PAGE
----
Sweet Memories

Kim Tran remembers a time when she could rustle up five pennies, go down to the candy shop and buy herself a lollipop. But inflation hits the inner child especially hard. Today, five pennies might get her a Swedish Fish or two. And even with enough pennies saved up, a lot of the classic sweets are nowhere to be found. Whatever happened to Big Hunks? To candy buttons and stick candy?

When Tran opened CandiTopia on Chapel Street in early August, she wanted to bring back some of that old-school sugar. And while kids can’t exactly walk in with several pennies and come away chowing down, CandiTopia’s blasts from the past make convincing a parent to take them inside a lot easier. Rock candy outcroppings stand in the window along with swirling lollipop batons. Inside, from the knees up—or eye level for young children—is a bank of scoops and bins filled with Choco Rocks, Juju Cinnamon Bears, sour cherries, fruit gems and more.

Above these, a colorful row of Jelly-Belly jelly bean dispensers can be seen from the street, strategically placed and lit to grab the attention of passersby. They contain 36 varieties of beans including adult-friendly flavors like Margarita, Piña Colada, Cantaloupe and Cappuccino.

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But the real throwbacks are in the back of the store. Behind a corner is an alcove filled with Slo Pokes and Zagnuts, Look! and Oh Henry! bars, Boyer Smoothie peanut butter cups and Broadway licorice rolls. A lover of sweets herself, Tran says one of her favorite old-time confections is the Abba-Zaba: a taffy and peanut butter bar that comes in a yellow-and-black taxi-checkered wrapper and tastes something like a fluffernutter sandwich.

Quite a bit of nostalgia is wrapped up in these sugary treats. One woman who walked into the store gushed, “You brought back so much of my childhood. This place is amazing!” That’s the idea, Tran says. “You don’t see that kind of reaction in other stores.”

CandiTopia carries boxes of candy sorted according to the decade of their heyday, from the ’90s to the ’50s. And for Millennials still searching for the entrance to Platform 9 ¾, CandiTopia also stocks Jelly Slugs, Chocolate Frogs and Bertie Bott’s Every Flavour Beans (also produced by Jelly Belly).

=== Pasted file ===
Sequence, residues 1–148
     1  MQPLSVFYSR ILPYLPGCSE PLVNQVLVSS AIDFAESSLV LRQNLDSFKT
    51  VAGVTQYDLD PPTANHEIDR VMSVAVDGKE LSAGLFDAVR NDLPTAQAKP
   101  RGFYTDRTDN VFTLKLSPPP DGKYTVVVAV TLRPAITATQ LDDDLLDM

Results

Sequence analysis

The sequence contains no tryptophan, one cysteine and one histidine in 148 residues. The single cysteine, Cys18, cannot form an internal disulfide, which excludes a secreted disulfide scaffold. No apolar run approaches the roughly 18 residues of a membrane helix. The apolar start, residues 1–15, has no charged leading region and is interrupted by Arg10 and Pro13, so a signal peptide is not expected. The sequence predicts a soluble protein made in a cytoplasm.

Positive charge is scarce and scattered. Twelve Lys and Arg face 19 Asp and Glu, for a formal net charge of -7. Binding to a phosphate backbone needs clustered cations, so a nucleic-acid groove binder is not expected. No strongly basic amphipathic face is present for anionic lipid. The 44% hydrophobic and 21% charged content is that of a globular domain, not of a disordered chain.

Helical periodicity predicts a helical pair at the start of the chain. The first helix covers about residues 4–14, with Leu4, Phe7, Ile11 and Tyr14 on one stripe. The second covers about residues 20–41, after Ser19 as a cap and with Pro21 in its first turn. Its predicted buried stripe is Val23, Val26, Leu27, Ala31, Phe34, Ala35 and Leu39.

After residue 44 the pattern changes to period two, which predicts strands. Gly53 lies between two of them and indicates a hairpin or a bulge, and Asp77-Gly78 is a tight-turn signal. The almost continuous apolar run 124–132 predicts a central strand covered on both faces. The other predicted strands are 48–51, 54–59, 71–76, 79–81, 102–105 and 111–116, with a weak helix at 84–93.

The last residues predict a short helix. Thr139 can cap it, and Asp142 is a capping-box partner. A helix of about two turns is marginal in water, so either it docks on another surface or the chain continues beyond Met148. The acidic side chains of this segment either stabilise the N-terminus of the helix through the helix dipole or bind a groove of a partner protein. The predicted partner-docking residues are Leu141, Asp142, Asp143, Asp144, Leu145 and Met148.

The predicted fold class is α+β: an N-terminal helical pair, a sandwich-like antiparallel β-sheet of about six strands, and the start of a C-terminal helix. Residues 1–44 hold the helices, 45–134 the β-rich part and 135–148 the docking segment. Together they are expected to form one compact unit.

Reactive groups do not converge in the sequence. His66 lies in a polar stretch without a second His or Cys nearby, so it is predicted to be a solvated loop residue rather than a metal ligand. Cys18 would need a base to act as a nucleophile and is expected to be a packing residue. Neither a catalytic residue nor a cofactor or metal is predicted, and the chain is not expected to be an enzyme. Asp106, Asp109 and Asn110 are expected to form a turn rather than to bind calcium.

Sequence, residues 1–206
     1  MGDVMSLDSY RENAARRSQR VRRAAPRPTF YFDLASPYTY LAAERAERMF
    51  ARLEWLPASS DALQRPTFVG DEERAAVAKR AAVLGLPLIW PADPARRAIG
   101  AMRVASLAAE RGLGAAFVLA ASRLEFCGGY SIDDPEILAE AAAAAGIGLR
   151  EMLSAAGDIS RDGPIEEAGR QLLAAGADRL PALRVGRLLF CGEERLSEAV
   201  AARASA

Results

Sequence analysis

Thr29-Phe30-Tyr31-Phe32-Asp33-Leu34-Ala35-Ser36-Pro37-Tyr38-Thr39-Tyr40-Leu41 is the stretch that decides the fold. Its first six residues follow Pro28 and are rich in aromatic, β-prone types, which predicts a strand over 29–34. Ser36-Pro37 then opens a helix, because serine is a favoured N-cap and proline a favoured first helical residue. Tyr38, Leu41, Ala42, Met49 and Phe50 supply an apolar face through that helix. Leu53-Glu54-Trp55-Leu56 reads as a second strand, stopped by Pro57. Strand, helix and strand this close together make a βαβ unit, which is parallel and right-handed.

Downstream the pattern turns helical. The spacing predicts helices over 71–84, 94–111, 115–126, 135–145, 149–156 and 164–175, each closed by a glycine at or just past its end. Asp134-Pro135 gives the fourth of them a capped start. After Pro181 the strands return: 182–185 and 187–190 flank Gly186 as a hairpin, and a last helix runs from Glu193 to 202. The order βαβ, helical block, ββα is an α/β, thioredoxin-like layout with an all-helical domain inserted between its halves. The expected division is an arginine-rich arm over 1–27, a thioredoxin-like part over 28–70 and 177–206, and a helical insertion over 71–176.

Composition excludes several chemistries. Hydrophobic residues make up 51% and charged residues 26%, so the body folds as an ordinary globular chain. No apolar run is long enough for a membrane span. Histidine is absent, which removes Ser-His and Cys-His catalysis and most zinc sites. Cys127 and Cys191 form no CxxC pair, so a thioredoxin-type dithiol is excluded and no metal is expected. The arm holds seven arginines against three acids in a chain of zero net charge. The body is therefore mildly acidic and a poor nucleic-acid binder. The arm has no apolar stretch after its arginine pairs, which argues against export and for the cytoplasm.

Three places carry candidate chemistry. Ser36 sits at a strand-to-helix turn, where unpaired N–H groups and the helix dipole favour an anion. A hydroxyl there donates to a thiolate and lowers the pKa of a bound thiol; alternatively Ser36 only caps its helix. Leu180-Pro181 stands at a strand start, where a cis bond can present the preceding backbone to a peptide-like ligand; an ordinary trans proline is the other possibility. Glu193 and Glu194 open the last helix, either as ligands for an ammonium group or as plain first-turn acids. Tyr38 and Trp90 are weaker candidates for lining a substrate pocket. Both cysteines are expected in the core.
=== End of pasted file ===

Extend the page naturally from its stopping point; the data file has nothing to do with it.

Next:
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For the longer-time longers, there’s La Pipette black liquorice pipes from the Czech Republic. For grade-schoolers with a hard streak, there are candy cigarettes and chocolate cigars. For Halloween treats and clownishly fun tricks, the shop carries wax fangs, lips and mustaches and, by the register, jawbreakers the size and weight of baseballs.

Those looking for something less hallowed should hit CandiTopia’s glass display cases, stocked with stuff from chocolatiers in Pennsylvania, upstate New York and various parts of New England. Some of their most popular sellers, I’m told, are the truffles with flavors like Amaretto, Champagne, Irish Cream and Black Forest. A white-shelled Tiramisu ball delivered an excellent rendition of that Italian pastry’s operetta of coffee, cocoa, ladyfingers and mascarpone.

Although CandiTopia is great for finding novelty sweets, it’s not the place to do big-batch shopping. The vintage items tend to be sold at prices reflecting their scarcity, and among the self-serve bins, even common candy brands—like Reese’s Peanut Butter Cups, Sour Patch Kids and of course those Jelly Belly beans—go for $3.75 per ¼ pound, meaning they sell much more cheaply, pound for pound, in a conventional supermarket. Then again, if you want just a taste of a bunch of different kinds, buying it by the quarter-pound at CandiTopia is far less expensive in sum, and better for your health, than buying lots of higher-quantity, standalone packages at the grocery store.

Anyway, candy from a candy store just feels like more of a treat. It recalls what it was like when we were very young and nearly every aspect of life was controlled by someone else, except on those rare occasions when Mom or Dad would give us a dollar or two to spend among color-blasted, sugar-stuffed bins of instant gratifications, and the choices were ours, only ours, to make.

1022 Chapel St, New Haven (map)
Mon-Sat 10am-9pm, Sun 10-6pm
(203) 498-0330

Written and photographed by Daniel Shkolnik.

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